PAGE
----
When a signal drop-out interval becomes longer, a plurality of the complementing MFM signal patterns will be required for the drop-out interval to be complemented. In the case of the embodiment shown in FIG. 10, however, only one type of complementing signal pattern will be read out from the memory and inserted in the drop-out period. As a consequence, there may arise a case in which some of the complementing signal patterns to be inserted would be erroneous, involving difficulty in reproducing the MFM signal correctly by compensating the signal drop-out interval.

With the circuit arrangement shown in FIG. 12, the MFM signal whose drop-outs are complemented by means of the three MFM signal complementing circuits 82, 83 and 84 are checked with the aid of the error detecting circuits 85, 86 and 87, so that only the correctly complemented MFM signal can be produced as the output for reproduction.

When a signal drop-out is detected by the envelope detection circuit 71, the length of the drop-out interval is determined by the error length detecting circuit 81. The output signal from the error length detecting circuit 81 is applied to the inputs of the MFM signal complementing circuits 82, 83 and 84, respectively, together with the MFM signal and the clock signal available from the phase-locked loop circuit 80. In each of the MFM signal complementing circuits 82, 83 and 84, a complementing MFM signal pattern is determined in dependence on the states or levels taken by the MFM signal immediately before and after the signal drop-out, and read out from the associated ROM. Up to this stage, the complementing operation is performed in the same manner as in the case of the embodiment shown in FIG. 10. The MFM signals each inserted with a complementing MFM signal pattern are then supplied to the respective error detecting circuits 85, 86 and 87.

Each of the error detecting circuits 85, 86 and 87 checks whether the MFM signal drop-out has been complemented with the correct complementing MFM pattern and produces an output signal of level "1", for example, when it has been found that the drop-out of the MFM signal is correctly complemented. In response to the "1" level output from the error check circuit 88, 89 or 90, the associated AND-gate 91, 92 or 93 is enabled, whereby the correctly complemented MFM signal is outputted through the OR-gate 94. The checking operation performed by the error detecting circuit can be accomplished with the aid of error detection signal added to the incoming MFM signal. Alternatively, the error detecting circuit may be constructed by a shift register and a pattern detector for detecting a particular bit pattern.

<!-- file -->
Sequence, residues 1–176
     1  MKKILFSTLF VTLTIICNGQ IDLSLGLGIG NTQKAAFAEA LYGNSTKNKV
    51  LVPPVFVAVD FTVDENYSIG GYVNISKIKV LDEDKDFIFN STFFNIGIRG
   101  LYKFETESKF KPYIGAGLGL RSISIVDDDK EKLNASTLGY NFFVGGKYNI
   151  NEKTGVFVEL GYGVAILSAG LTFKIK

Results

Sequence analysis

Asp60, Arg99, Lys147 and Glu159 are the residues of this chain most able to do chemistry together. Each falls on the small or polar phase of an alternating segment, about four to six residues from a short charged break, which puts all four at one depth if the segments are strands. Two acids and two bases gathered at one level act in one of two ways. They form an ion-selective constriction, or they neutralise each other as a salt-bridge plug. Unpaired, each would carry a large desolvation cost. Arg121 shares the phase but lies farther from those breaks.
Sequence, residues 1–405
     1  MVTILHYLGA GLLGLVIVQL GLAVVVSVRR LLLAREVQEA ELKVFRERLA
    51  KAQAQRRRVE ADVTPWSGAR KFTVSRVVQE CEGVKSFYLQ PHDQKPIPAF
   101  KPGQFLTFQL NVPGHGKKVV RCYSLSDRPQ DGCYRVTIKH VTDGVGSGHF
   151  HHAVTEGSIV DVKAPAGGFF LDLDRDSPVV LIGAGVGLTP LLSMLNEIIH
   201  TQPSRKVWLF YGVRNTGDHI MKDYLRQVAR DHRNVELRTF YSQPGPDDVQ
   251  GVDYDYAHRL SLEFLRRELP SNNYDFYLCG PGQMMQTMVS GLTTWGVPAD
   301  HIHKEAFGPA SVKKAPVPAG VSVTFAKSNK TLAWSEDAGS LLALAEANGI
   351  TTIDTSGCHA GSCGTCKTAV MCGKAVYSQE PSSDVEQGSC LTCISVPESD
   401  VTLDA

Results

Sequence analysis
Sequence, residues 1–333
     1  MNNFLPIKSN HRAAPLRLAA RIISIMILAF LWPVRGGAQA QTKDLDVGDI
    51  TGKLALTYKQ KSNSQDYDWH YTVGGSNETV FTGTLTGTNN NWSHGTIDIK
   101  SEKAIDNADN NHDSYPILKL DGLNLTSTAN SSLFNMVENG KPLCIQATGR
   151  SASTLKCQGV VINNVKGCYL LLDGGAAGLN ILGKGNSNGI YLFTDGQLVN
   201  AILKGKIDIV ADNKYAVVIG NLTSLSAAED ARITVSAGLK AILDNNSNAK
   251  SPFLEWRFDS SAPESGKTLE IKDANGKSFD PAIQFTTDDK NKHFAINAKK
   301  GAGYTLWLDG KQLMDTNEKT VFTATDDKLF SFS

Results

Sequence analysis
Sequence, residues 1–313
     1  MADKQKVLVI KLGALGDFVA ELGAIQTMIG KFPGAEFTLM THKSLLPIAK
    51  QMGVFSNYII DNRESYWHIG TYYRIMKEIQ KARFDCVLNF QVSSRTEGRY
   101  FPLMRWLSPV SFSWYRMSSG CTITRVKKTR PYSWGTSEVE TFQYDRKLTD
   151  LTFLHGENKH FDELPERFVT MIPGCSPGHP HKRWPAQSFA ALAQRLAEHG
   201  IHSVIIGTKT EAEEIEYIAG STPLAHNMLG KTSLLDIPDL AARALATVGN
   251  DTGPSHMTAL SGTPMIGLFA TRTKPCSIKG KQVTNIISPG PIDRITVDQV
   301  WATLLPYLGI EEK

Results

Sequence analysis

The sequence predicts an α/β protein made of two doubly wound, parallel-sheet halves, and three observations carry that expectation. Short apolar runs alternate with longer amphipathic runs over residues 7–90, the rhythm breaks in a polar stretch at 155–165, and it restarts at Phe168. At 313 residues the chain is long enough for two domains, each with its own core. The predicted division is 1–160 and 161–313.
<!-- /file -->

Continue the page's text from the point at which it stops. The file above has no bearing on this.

As will be appreciated from the above description, the embodiment shown in FIG. 12 allows the correct MFM signal to be reproduced for correct demodulation, even when the signal drop-out interval of the incoming MFM signal is relatively longer so that the number of the complementing MFM signal patterns to be inserted is correspondingly increased. This is because at least one of the MFM signal complementing circuits will certainly complement the signal drop-out with a proper one of the MFM patterns read out from the memory.

In the above description of the embodiment shown in FIG. 12, it has been assumed that three error detecting circuits are employed in combination with three shift registers 88, 89 and 90. It should, however, be appreciated that the invention is never subjected to such restriction.

It will now be appreciated that the present invention has provided a MFM signal reproducing apparatus which is capable of producing a circuit MFM signal regardless of the presence of drop-outs in the MFM signal by virtue of the fact that these signal drop-outs are complemented with corresponding MFM signal patterns stored previously in a memory for complementation. In addition, it is understood that the present invention is not limited to the MFM signal reproduction but can be applicable to aN MFM signal reproduction of 3PM, EFM or the like.

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Classifications
U.S. Classification341/53, 375/368, 375/322
International ClassificationH04L7/02, H04L7/04, H04L25/49, H04L25/48, H04L7/00
Cooperative ClassificationH04L25/4904, H04L7/042, H04L7/0066
European ClassificationH04L25/49C
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Oct 13, 1981ASAssignment